NVIDIA drivers will run 3d in only one display and leave the other in 2d mode (this is how we used to read temperature from the driver while we ran a benchmark before the neat temp logging feature was added).

    There is no driver setting that can be used to make both outputs of either an ATI or NVIDIA card look like one display to a game.
    Reply
  • Lonyo - Monday, July 31, 2006 - link

    YES YOU CAN. I HAVE DONE IT WITH MORE THAN ONE GAME.

    nView properties -> Display Wizard -> Custom setup -> Span mode.

    Games will then run up to 2560x1024 across 2 LCD's, one plugged into each output of a graphics card. In 3D mode.
    Games I have used with this include UT2004, Rome: Total War and Trackmania: Nations.

    Unless I am misunderstanding you, you can make games see 2 monitors as one.
    http://www.lonyo.co.uk/duals.JPG">http://www.lonyo.co.uk/duals.JPG
    And that's how they look to a game as well.
    Which looks remarkably similar to the TripleHead2Go display properties, only with one less monitor:
    http://images.anandtech.com/reviews/video/matrox/t...">http://images.anandtech.com/reviews/vid...x/triple...

    What I'm asking is can you use a DualHead2Go on one ouput, and then span with a single monitor on the outher output to effectively create a TripleHead2Go type thing with a DualHead2Go plus the graphics cards second output. Since you can make nVidia drivers span 3D across monitors connected to both outputs.
    Reply
  • Furen - Monday, July 31, 2006 - link

    I always find Matrox's products... errr.. "Interesting"

    I dont mean to diss them, I actually like Matrox quite a bit, in fact I was going to buy a Matrox Mistique way back but since I didnt see it at the shop I went to I bought a Rendition Verite 2-based video card that had a crappy non-working OpenGL ICD that I had to coax to work... those were the times.

    $270 is dirt cheap if this thing can improve labor efficiency for a business, even if it's something as low as 5% or so. Labor costs are huge for most businesses, which is why they're willing to spend lots of cash to improve efficiency.
    Reply
  • DerekWilson - Monday, July 31, 2006 - link

    in most cases business apps don't have the limitation games do --

    for games not designed to run on multiple displays (simultaneous rendering in different framebuffers), the matrox part makes multidisplay possible. some games still have problems with resolution or aspect ratio support, but many more games are able to take advantage of this than the two output available on almost all modern graphics add-in cards.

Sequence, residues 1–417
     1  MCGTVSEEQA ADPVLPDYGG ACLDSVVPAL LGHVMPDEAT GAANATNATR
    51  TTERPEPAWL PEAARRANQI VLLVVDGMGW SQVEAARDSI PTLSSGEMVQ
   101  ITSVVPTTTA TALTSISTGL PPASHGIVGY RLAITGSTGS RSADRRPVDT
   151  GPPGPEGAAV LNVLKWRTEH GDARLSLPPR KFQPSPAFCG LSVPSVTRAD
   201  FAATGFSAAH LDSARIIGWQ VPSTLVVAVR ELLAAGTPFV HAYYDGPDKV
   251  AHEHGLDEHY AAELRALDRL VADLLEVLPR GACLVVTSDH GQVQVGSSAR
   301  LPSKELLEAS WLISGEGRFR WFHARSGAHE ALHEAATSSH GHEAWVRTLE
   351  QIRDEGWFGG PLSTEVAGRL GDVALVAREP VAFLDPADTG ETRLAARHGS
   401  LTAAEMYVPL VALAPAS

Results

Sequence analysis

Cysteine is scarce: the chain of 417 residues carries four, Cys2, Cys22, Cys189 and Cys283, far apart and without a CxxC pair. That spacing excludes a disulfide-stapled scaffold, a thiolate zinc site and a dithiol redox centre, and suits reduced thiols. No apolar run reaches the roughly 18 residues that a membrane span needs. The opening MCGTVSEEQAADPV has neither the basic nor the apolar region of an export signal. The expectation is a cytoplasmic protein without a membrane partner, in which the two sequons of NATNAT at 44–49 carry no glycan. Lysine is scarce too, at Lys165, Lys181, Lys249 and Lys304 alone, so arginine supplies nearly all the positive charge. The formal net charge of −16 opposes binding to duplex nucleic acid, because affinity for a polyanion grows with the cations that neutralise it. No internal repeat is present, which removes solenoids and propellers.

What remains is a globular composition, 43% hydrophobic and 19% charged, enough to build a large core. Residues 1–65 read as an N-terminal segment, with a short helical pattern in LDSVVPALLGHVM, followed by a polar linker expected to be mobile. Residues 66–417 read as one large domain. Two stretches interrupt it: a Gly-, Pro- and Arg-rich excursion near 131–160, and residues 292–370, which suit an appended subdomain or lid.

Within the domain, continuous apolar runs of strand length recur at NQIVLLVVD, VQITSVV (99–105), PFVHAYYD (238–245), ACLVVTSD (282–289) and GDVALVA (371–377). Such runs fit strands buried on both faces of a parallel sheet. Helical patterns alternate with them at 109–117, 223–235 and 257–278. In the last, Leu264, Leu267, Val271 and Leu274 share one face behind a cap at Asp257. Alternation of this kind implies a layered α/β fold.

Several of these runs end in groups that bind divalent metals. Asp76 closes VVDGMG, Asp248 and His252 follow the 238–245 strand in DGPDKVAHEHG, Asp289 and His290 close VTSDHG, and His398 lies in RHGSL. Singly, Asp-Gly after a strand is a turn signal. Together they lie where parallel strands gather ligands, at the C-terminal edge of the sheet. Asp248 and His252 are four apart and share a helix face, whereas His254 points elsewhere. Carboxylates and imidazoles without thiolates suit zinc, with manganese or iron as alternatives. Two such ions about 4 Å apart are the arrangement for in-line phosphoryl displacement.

video does share this limitation in many cases as well. it is difficult to playback part of a video on one screen and part on another when they aren't rendered together and split on output.

    if all you are talking about is improving efficiency for business users, two cheap graphics cards can offer more display and screen space for less money than one fast graphics card and the Matrox TripleHead2Go.

    For instance -- with 2 7600 gs cards, I can run 4 monitors at 1600x1200 getting me a desktop that can either be 6400x1200 or 3200x2400. And the cost of both graphics cards (about $240) is less than the cost of one TripleHead2Go (about $270). Even if you just go with 3 monitors off the two graphics cards you get more screen space.

    I certainly understand the argument, but even if Matrox succeeds at filling this niche, there are better and cheaper ways to do it.
    Reply
  • Guuts - Monday, July 31, 2006 - link

    "As we mentioned before, ATI hardware isn't able to achieve this resolution, so instead we tested one of the most powerful NVIDIA cards we had, the EVGA e-GeForce 9700 GTX (Factory overclocked to 690MHz/1.76GHz) with and without AA."

    Should be "7900 GTX," no?

    Also, it might be nice to have some "real-world" pictures of the setup you used in the lab to test this, showing the games you tested it on, instead of only the PR pictures from Matrox that look either simulated or edited.
    Reply
  • Lifted - Monday, July 31, 2006 - link

    A GeForce 9700 GTX? Where can I get one?! Reply
  • JarredWalton - Monday, July 31, 2006 - link

    Fixed, thanks. About two more years for the 9700 I guess. ;) Reply